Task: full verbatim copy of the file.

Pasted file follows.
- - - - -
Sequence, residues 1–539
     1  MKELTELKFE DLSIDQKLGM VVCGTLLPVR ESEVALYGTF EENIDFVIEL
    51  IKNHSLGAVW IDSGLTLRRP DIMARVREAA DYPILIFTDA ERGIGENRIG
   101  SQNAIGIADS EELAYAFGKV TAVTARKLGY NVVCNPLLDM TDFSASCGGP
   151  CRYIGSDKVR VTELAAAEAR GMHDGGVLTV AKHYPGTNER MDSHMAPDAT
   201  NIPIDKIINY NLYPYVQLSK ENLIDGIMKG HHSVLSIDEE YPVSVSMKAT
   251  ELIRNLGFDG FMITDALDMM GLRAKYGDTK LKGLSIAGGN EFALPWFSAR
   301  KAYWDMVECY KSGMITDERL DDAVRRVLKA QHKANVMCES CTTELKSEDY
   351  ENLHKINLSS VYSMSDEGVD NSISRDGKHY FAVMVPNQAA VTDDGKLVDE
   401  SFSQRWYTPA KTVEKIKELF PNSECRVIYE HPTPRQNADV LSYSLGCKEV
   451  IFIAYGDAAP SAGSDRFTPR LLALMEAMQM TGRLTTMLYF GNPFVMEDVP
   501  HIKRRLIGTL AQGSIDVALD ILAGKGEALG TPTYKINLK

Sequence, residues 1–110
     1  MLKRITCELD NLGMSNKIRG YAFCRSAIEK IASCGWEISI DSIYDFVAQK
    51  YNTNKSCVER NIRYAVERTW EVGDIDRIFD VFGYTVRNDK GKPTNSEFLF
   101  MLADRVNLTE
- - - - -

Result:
Sequence, residues 1–539
     1  MKELTELKFE DLSIDQKLGM VVCGTLLPVR ESEVALYGTF EENIDFVIEL
    51  IKNHSLGAVW IDSGLTLRRP DIMARVREAA DYPILIFTDA ERGIGENRIG
   101  SQNAIGIADS EELAYAFGKV TAVTARKLGY NVVCNPLLDM TDFSASCGGP
   151  CRYIGSDKVR VTELAAAEAR GMHDGGVLTV AKHYPGTNER MDSHMAPDAT
   201  NIPIDKIINY NLYPYVQLSK ENLIDGIMKG HHSVLSIDEE YPVSVSMKAT
   251  ELIRNLGFDG FMITDALDMM GLRAKYGDTK LKGLSIAGGN EFALPWFSAR
   301  KAYWDMVECY KSGMITDERL DDAVRRVLKA QHKANVMCES CTTELKSEDY
   351  ENLHKINLSS VYSMSDEGVD NSISRDGKHY FAVMVPNQAA VTDDGKLVDE
   401  SFSQRWYTPA KTVEKIKELF PNSECRVIYE HPTPRQNADV LSYSLGCKEV
   451  IFIAYGDAAP SAGSDRFTPR LLALMEAMQM TGRLTTMLYF GNPFVMEDVP
   501  HIKRRLIGTL AQGSIDVALD ILAGKGEALG TPTYKINLK

Sequence, residues 1–110
     1  MLKRITCELD NLGMSNKIRG YAFCRSAIEK IASCGWEISI DSIYDFVAQK
    51  YNTNKSCVER NIRYAVERTW EVGDIDRIFD VFGYTVRNDK GKPTNSEFLF
   101  MLADRVNLTE